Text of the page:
Skydebanehaven (English. The Shooting Range Gardens) is a small public park in the heart of the Vesterbro district of Copenhagen, Denmark. Its name refers to the former shooting range of the Royal Copenhagen Shooting Society which used to be located on the site. The most distinctive feature of the park is the Neo-Gothic Shooting Range Wall which was constructed in 1887 to shield traffic on Istedgade from stray bullets. The other end of the park is bounded by the rear of the former headquarters of the Shooting Society, a Neoclassical mansion which now houses the Museum of Copenhagen.


In the 1750s Royal Copenhagen Shooting Society established a shooting range in the area which was located outside the fortified city, next to the main road leading in and out of the Western City Gate.[1] In 1782 the society acquired a 3.5 hectare piece of land, stretching from present day Vesterbrogade to the beach just south of the city. The society also built a mansion, completed in 1787, which was to serve as a venue for its active social life.[2]

When Vesterbro started to develop in the second half of the 19th century, after the city had been allowed to develop beyond its now decommissioned fortifications, the City expropriated much of the Shooting Society's grounds. In 1887 a tall wall was constructed to shield newly established Istedgade from stray bullets from the shooting range. The wall was designed by the architect Ludvig Knudsen in a Neo-Gothic style. Knudsen also modernized the interior of the Shooting Society's mansion in the 1890s and added a small new wing towards the gardens.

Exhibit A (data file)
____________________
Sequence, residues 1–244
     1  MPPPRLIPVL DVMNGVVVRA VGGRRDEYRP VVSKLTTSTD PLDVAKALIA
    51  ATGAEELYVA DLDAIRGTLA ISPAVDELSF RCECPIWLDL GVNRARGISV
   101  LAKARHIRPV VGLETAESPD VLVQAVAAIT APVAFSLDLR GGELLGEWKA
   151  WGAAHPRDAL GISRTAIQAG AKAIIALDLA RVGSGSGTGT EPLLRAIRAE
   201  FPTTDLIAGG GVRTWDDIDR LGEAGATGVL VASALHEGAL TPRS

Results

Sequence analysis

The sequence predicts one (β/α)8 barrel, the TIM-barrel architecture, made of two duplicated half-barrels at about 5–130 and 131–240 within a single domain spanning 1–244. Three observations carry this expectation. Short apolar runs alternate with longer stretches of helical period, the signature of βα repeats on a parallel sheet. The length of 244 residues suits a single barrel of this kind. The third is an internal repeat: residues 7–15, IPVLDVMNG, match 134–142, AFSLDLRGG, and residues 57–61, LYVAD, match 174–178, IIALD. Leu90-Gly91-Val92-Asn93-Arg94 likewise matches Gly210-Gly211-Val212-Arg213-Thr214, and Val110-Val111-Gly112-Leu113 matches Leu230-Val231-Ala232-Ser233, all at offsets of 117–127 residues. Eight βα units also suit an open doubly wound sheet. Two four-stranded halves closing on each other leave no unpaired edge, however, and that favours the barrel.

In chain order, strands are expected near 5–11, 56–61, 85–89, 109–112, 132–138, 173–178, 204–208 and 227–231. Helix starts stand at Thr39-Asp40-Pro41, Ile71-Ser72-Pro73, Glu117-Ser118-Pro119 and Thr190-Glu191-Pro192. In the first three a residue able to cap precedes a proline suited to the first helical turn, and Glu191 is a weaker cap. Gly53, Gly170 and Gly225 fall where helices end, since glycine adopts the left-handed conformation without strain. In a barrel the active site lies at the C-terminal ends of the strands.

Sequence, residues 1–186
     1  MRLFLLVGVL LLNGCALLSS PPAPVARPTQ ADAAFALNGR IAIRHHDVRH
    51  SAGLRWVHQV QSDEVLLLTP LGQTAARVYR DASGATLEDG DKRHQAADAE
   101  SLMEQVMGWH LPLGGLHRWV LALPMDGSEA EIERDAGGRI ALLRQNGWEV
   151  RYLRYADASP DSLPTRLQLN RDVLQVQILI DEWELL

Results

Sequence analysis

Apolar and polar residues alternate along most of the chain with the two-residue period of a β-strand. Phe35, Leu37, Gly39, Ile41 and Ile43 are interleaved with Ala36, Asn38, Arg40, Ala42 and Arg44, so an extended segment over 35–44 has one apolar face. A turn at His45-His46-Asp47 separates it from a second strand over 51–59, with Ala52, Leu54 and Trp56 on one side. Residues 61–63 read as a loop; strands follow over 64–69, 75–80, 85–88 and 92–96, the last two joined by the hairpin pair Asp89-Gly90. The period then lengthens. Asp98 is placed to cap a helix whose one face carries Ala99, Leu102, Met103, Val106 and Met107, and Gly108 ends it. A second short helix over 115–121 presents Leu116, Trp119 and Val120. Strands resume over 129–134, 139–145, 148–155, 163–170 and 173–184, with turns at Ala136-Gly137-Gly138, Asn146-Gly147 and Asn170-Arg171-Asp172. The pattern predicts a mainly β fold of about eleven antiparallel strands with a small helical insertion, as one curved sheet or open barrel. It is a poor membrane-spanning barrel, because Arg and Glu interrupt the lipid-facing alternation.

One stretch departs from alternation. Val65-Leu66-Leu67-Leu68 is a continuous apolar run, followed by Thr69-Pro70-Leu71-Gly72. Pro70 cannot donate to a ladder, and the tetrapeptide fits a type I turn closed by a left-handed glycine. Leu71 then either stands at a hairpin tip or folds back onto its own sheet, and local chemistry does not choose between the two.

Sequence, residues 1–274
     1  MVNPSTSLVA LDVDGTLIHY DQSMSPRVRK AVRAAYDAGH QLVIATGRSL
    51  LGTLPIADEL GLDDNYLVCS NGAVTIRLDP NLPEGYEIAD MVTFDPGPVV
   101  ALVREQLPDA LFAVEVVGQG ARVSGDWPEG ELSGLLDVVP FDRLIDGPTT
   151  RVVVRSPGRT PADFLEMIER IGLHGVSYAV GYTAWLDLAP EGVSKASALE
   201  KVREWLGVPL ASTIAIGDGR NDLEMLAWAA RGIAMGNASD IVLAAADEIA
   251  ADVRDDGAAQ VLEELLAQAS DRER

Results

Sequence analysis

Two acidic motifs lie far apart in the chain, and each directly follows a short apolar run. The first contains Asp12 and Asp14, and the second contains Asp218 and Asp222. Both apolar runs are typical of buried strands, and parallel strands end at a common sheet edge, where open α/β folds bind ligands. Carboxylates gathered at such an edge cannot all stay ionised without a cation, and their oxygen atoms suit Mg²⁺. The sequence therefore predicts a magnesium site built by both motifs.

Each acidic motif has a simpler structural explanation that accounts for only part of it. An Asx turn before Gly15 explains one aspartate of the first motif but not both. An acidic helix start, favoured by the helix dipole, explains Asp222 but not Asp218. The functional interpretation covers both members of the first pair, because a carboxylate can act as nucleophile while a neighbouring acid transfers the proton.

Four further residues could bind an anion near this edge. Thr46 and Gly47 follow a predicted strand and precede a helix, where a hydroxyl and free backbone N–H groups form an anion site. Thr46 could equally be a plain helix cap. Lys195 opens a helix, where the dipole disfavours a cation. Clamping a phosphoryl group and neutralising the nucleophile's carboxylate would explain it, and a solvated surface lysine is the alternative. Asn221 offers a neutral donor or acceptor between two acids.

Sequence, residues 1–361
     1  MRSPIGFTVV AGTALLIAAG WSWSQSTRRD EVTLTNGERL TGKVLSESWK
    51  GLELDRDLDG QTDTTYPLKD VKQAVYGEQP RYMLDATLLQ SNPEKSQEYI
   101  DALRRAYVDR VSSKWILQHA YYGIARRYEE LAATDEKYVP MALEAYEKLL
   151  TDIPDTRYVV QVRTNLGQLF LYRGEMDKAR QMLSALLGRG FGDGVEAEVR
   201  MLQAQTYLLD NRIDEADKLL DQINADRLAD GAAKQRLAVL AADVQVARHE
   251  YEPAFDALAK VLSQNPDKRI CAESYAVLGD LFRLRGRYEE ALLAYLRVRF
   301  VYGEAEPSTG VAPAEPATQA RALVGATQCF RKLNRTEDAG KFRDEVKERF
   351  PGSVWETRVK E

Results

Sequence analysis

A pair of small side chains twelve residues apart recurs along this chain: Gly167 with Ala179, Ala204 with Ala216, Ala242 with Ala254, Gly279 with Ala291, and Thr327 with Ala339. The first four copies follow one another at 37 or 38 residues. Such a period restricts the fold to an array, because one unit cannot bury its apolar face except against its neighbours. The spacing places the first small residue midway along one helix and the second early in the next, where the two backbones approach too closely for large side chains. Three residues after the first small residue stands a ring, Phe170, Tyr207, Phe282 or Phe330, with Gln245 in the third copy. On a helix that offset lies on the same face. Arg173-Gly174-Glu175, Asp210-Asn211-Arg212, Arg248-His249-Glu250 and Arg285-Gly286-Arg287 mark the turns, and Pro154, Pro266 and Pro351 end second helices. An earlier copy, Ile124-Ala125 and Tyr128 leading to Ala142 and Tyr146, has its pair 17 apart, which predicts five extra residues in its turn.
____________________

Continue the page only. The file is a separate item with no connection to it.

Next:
In 1949 the Society moved to Sølyst Manor at Klampenborg north of Copenhagen, while the City acquired the rest of the property on Vesterbrogade.[3]

Skydebanehaven today

The park contains a playground, lawns and flower beds.

See also

  • Skydebanegade


  1. "Skydebrødrenes palæ". MIK. Archived from the original on 25 October 2006. Retrieved 19 December 2009.
  2. "Museets historie". Københavns Bymuseum. Retrieved 19 December 2009.
  3. "Museets historie". Københavns Bymuseum. Retrieved 19 December 2009.

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